November 19, 2011

Why I Do This, Part Two

This probably won't make much sense unless you've read part one

So when we last left off, Eddie was a wee babe and I was faking it in the hopes I would one day make it in our open adoption with his birth families. I was confident open adoption was best for Eddie and sure that the internal struggles I was having with it were all because I was a horrible person. I was bound and determined to make this best damn open adoption ever, no matter how much I had to pretend that everything was happy and wonderful.

(This never would have worked, by the way. Kids can see through their parents' false emotional fronts like they have x-ray vision. And in the end I would have emotionally closed myself off to his first parents, which would have tanked the whole thing.)

Then at some point I found people writing about adoption online. There weren't many of them back then. It was an accident--a click off a click off a completely unrelated blog. For the first time I heard other adoptive moms expressing some of my deepest joys and sorrows about adoption and fertility, some of them things I hadn't even been able to put into words before. I read about open adoption from the perspective of first moms. From adopted adults I got insight about what it was like to live as an adoptee in a non-adoption world. Some of it made me feel defensive. But I kept coming back, because something told me the things that made me defensive were probably the things on which I needed to dwell.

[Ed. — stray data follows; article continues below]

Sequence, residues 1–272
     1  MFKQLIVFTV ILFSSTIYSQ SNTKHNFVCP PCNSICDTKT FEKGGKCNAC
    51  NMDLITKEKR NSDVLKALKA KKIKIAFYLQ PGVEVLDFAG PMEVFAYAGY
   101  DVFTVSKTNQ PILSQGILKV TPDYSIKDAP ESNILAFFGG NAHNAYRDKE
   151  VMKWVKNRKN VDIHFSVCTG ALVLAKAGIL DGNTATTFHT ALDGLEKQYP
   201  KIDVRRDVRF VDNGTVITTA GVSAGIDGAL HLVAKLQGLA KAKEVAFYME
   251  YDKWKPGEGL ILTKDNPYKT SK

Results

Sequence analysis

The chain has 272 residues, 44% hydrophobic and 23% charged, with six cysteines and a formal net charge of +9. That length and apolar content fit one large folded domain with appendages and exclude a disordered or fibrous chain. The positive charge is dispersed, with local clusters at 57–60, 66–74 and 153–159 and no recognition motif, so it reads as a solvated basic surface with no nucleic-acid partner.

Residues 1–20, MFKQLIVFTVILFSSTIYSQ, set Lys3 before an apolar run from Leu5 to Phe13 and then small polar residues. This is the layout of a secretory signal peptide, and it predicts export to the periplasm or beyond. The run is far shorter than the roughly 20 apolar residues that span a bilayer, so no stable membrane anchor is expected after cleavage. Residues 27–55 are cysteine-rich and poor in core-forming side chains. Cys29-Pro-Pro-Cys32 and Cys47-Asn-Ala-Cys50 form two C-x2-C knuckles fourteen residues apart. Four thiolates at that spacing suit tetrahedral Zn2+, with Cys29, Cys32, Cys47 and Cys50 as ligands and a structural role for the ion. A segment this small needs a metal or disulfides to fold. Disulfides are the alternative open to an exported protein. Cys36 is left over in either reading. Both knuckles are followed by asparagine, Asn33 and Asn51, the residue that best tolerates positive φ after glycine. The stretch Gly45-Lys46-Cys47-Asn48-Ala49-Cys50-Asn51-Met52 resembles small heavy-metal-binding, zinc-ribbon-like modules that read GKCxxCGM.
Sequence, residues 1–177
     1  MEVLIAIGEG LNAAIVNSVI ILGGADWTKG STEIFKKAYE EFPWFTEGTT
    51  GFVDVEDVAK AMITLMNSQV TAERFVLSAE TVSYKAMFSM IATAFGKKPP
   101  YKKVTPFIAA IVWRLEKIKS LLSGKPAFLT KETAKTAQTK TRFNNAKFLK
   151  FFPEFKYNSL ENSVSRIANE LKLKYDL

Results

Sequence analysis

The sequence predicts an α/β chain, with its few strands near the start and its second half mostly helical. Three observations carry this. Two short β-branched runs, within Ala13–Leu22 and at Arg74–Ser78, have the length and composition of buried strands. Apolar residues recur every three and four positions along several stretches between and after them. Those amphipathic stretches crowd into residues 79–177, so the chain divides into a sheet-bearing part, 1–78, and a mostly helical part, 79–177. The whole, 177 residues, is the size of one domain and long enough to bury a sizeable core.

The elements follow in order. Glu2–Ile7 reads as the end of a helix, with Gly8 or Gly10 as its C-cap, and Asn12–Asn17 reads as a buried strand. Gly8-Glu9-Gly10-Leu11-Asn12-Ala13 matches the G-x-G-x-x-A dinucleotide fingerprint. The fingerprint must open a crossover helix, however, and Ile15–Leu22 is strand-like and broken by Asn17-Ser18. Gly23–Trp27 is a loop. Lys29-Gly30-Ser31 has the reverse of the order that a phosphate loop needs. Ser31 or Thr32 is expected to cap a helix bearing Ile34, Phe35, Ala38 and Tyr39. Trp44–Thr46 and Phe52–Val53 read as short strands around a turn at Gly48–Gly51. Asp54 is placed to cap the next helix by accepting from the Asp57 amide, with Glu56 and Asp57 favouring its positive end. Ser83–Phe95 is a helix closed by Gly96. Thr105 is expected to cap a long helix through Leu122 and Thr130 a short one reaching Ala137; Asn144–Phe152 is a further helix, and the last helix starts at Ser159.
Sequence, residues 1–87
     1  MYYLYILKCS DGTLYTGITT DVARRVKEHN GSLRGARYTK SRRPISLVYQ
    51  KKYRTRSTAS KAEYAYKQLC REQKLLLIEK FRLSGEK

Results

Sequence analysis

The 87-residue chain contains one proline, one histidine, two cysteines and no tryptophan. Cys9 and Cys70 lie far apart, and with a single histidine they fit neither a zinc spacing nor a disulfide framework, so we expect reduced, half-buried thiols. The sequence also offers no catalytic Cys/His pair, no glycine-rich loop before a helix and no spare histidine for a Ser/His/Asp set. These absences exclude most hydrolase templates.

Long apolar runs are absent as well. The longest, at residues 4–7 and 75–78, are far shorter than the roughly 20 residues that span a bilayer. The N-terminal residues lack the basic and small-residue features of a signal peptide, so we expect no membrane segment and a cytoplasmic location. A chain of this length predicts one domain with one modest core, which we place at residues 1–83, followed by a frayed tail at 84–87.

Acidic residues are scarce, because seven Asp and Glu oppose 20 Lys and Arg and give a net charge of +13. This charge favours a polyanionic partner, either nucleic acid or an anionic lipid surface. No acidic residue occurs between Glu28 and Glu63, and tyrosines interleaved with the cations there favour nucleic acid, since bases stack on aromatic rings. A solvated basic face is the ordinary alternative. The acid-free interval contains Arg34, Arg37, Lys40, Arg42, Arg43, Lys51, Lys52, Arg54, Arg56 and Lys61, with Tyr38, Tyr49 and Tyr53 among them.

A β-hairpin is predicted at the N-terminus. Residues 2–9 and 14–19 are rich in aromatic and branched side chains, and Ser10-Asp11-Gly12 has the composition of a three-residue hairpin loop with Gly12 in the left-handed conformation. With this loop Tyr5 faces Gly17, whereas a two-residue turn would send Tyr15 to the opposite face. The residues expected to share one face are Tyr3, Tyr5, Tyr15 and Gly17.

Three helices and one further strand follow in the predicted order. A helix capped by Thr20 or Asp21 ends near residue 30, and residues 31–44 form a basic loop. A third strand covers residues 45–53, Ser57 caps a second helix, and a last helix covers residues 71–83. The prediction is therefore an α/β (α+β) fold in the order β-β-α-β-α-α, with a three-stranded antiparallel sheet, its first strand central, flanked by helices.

Back then I especially needed to hear from adoptive parents who ahead of where I was emotionally and philosophically in this open adoption gig to help me get out of my stuck place. They weren't afraid of the things I was afraid of, like Eddie's first parents ever expressing regret or Eddie ever being sad about adoption (because, remember, I had been taught open adoption prevented those things). And they challenged me to see how being a confident adoptive parent meant opening myself up to the reality that I shared parenthood with my child's birth parents, that it was my job to make space for him to explore in whatever ways he needed what it meant to be a child of two grafted family trees. I was trying to stuff us into the box of "totally normal nuclear family, nothing out of the ordinary, just with some extra players" when we weren't that at all. We were an adoptive family--something equally valid, equally whole, but different.